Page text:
We concentrate on these areas:
<a id="area1" name="area1"></a>The evolutionary ecology of life histories
Life history theory is fundamental to our understanding of organisms in nature. We study how organisms allocate resources to growth, reproduction and maintenance throughout their lives. In studying this problem we focus on how both genes and the environment affect life history traits and their evolution, and in particular questions like:
At what age and size should individuals start to reproduce? Should they reproduce more than once, and if so, at what intervals? How many resources should be allocated to reproduction as opposed to self-maintenance? Should individuals invest more in trying to attract a mate of outstanding quality, or in securing a high quality environment in which to raise their young? What determines ageing? What is the role of metabolism for life history evolution? What role does mitochondrial genetic variation play in life history evolution?
We study these questions in flycatchers (see Lars Gustafsson and Anna Qvarnström), fish (see Richard Svanbäck), amphibians (see Frank Johansson and Anssi Laurila), insects (see Göran Arnqvist, David Berger, Frank Johansson and Alexei Maklakov), snails (see Anssi Laurila) and nematodes (see Alexei Maklakov and Martin Lind).
<a id="area2" name="area2"></a>The ecology of behaviour
Traits that make their bearers more successful than others in competition over mates will be favoured by sexual selection. Adaptations for expanding or restricting the set of potential mates will evolve if there is genetic variation for such traits. So called "secondary sexual" characters are adaptations for successful competition for access to mates, while mating preferences are adaptations for excluding individuals of insufficient quality as potential partners. We study the evolution of these adaptations and the sexual conflict underpinning them. The role of sexual selection for "primary" sexual characters is another topic of interest. We also study the evolution of signals and cognition to understand mechanisms behind these adaptations.
Sexual selection, sexual conflict, signals and cognition are studied in birds (see Mats Björklund, Jacob Höglund, Lars Gustafsson, Anna Qvarnström and Anders Ödeen), fish (see Ingrid Ahnesjö, and Anders Berglund) and insects (see Göran Arnqvist and Alexei Maklakov).
<a id="area3" name="area3"></a>The ecology of speciation
The question of speciation has attracted a large number of researchers over the years, all with their own perspectives and approaches. In the Department of animal ecology we take a purely ecological view. Our main starting point is the question: what makes individuals in population A stop seeing individuals from population B as potential partners? The main theories of speciation by Mayr, Wright and others stress the importance of small, isolated populations as the main precursor of speciation and evolution of new adaptations. This forms the theoretical basis of our research - if a small population really is the main precursor for the evolution of mating discrimination, then it is of importance to understand the relative impact of the different ecological factors that lead to a small population size.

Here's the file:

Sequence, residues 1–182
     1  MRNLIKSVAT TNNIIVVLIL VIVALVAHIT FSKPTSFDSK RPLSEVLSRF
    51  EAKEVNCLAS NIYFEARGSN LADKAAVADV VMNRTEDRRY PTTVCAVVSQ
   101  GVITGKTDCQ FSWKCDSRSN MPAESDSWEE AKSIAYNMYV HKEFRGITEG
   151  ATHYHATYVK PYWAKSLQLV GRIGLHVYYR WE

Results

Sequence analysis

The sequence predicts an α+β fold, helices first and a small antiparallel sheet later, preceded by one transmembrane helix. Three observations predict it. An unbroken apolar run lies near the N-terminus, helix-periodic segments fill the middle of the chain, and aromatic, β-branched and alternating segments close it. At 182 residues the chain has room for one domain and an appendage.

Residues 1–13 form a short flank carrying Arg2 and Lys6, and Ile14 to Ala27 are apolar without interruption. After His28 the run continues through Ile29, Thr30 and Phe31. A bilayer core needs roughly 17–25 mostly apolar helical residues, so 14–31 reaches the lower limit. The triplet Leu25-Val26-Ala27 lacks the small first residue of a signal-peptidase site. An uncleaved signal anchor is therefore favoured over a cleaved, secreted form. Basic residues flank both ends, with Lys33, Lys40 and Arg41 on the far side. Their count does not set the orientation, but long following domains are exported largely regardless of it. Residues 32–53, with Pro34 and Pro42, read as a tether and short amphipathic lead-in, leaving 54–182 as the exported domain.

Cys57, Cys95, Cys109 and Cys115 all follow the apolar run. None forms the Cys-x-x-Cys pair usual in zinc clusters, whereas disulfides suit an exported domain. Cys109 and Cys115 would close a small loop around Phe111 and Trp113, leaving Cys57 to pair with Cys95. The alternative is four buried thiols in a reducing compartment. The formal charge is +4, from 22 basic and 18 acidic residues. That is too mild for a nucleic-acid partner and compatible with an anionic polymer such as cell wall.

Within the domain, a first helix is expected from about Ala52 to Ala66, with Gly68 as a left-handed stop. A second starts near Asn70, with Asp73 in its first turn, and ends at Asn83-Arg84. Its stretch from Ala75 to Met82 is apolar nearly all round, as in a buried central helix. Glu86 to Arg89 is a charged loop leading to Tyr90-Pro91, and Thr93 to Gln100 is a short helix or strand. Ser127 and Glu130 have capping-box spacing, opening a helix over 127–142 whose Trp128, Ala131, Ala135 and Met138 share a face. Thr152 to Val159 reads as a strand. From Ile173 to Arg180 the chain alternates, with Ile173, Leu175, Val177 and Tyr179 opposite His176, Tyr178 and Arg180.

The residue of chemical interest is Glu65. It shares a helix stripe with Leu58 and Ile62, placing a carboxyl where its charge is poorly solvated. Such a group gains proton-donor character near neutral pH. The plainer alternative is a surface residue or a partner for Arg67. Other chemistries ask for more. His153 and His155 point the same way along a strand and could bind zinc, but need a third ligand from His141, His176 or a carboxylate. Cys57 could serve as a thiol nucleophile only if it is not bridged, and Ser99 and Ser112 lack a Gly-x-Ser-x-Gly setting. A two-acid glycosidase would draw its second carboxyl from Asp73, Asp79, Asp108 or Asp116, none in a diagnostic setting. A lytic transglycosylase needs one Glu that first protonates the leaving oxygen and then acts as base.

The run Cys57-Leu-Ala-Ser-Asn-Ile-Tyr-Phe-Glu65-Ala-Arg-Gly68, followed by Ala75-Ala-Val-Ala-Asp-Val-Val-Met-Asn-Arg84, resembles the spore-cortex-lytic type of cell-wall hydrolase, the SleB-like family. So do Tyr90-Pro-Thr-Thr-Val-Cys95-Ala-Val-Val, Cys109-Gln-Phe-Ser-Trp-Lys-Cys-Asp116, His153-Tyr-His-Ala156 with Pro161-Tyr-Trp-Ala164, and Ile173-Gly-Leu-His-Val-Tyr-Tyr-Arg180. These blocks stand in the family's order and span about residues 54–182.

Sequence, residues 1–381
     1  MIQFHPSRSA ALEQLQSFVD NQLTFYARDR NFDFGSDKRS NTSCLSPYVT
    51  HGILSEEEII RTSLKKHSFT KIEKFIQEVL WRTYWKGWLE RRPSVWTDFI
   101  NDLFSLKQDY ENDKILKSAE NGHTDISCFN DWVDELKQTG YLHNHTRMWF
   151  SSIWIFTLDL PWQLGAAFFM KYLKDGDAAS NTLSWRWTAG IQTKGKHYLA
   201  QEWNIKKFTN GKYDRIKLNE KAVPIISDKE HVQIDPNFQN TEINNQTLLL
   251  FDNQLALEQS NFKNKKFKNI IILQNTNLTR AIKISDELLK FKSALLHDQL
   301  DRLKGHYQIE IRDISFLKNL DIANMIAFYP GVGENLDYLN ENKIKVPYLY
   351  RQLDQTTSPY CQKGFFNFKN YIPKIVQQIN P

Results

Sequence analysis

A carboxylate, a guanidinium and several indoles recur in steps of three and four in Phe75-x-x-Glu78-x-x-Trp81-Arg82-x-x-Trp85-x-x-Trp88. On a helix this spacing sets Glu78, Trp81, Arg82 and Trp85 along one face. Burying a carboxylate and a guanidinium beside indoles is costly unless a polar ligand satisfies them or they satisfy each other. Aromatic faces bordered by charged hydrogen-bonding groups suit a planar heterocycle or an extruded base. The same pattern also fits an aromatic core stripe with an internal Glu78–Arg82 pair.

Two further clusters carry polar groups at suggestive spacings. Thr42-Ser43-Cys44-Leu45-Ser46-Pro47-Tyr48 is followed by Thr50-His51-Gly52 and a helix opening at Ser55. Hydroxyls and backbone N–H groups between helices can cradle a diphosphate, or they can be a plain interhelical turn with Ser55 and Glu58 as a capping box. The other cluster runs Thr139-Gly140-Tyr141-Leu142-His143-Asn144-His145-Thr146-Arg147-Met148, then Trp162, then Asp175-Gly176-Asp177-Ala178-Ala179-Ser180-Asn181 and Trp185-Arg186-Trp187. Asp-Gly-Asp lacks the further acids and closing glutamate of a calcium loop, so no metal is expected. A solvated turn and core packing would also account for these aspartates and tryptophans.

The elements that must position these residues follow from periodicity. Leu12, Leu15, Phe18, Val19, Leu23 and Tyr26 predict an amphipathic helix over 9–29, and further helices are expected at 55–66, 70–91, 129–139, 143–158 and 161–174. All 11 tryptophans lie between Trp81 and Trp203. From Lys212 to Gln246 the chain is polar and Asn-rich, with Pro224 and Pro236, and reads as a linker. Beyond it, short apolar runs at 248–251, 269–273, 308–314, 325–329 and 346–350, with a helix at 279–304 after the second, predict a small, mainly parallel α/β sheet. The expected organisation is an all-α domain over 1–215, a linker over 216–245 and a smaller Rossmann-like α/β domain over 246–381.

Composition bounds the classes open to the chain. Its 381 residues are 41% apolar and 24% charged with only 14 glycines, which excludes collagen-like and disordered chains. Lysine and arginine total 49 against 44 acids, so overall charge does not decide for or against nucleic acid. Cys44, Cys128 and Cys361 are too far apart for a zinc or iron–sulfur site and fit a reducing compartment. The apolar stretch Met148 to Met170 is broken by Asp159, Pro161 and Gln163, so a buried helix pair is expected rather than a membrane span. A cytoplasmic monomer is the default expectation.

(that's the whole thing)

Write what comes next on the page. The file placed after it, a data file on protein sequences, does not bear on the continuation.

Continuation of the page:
We study these questions in primates (see Katerina Guschanski), birds (see Mats Björklund, Lars Gustafsson and Anna Qvarnström), amphibians (see Anssi Laurila and Anna Qvarnström), snails (see Anssi Laurila) and insects (see Göran Arnqvist and Alexei Maklakov).
<a id="area4" name="area4"></a>Conservation biology
In conservation biology the focus is on the proper function of populations is upset. Insufficient population growth and impoverished genetic variation are two main causes. To address these questions we study, among other things, local adaptation in life-history traits, and the genetic structure of fragmented populations. All these studies contain conservation aspects incorporating responses to human-caused environmental disturbances. We are studying these aspects through field and laboratory experiments, through mapping of the genetic variation in extant and historical populations, through long-term studies of individual success in natural populations and through theoretical modeling.
We study these questions on whales (see Cecilia Anderung), primates (see Katerina Guschanski), birds (see Mats Björklund, Henri Engström, Lars Gustafsson, Jacob Höglund and Anders Ödeen), amphibians (see Jacob Höglund, Frank Johansson and Anssi Laurila), fish (see Anders Berglund, Mats Björklund, Frank Johansson and Fredrik Sundström), and snails (see Anssi Laurila).
Theoretical evolutionary ecology
Biological systems are inherently complex and the resulting dynamical patterns are regularly rather unexpected and difficult to foresee by purely verbal reasoning. Mathematics is therefore an important tool to achieve an understanding of these complexities. We use mathematical models to investigate the dynamics of populations and evolutionary processes. More specifically, we use modeling to elucidate the evolution and maintenance of genetic and phenotypic diversity within and among populations. We are particularly interested in the role of constraints (e.g., sexual conflict) and ecological interactions in driving the evolution of such diversity.